What Hotel Program is the Most Rewarding for Your Nights? The Answer May Shock You.

It’s been a year and a half since I looked at which hotel programs give you the most bang for your buck.

Since that analysis some programs have increased the number of points required for room nights (adjusted their award categories), and others have moved hotels around in a significant way (category creep).

And hotel price increases haven’t been uniform, so the results of which programs are most rewarding for your in-hotel spend have changed.

For this post, I ran some numbers for the base programs. I wanted to see what kind of return per dollar spent you get in the form of free nights from each of the chains using the earning tables for a general member.

  • What hotel program offers a free night after the least amount of spending?
  • What hotel program will let you redeem a free night in a big city after the smallest investment?
  • What hotel program will let you access its most expensive, most aspirational hotels for the least amount of spending?

Keep reading to see which hotel programs turn out to be the most — and least — rewarding for your travel dollar.

For this purpose I ignore factors that are very important for some travelers — elite bonuses, elite check-in amenity points, and other promotions. I’m looking at the most common base-level earning (ignoring that some hotel chains award fewer points for their limited-service brands, say 5 points instead of 10 points per dollar).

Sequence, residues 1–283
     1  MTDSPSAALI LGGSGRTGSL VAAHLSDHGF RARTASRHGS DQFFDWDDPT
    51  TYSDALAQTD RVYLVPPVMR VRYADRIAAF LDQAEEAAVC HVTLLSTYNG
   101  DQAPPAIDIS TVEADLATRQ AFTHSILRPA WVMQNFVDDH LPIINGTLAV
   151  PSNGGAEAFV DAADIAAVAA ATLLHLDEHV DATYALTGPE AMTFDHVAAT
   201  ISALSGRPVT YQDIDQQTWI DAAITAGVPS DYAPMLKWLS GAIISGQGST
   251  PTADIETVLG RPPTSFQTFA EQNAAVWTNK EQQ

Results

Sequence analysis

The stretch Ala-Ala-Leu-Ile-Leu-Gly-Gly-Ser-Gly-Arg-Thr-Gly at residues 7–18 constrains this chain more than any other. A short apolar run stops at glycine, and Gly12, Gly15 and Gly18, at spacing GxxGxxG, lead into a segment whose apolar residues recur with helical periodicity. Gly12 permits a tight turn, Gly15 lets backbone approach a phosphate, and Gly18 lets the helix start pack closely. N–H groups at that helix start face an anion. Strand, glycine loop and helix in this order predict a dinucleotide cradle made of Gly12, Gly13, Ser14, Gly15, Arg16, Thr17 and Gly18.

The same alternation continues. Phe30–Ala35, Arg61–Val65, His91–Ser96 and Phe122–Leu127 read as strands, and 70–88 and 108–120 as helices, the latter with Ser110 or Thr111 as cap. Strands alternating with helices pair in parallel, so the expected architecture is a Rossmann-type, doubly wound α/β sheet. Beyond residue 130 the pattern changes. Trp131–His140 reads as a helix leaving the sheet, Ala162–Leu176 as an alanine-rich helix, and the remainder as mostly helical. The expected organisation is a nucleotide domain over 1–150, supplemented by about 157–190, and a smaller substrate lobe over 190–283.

And for Hilton HHonors I assume a choice of ‘points and points’ earning style (so you earn the most points possible for your in-hotel spending, rather than “double dipping” and earning some airline miles and some points for stays).

I also ignore ‘point saver’ and ‘cash and points’ awards — I’m just looking at the basic reward chart.

These various assumptions do matter, for instance with IHG Rewards Club there are often bonuses that members who are paying close attention can sign up for and even stack on top of each other that makes the program much more rewarding (when the chain doesn’t shut down your account). The median member is generally not aware of these.

Here’s the chart I put together, though if spreadsheets scare you then don’t feel the need to expand the graphic and dive into the numbers. I will explain what I found.



(Click to enlarge)

Notes:

    * Assumes Points + Points earning style
    ** Assumes high season where applicable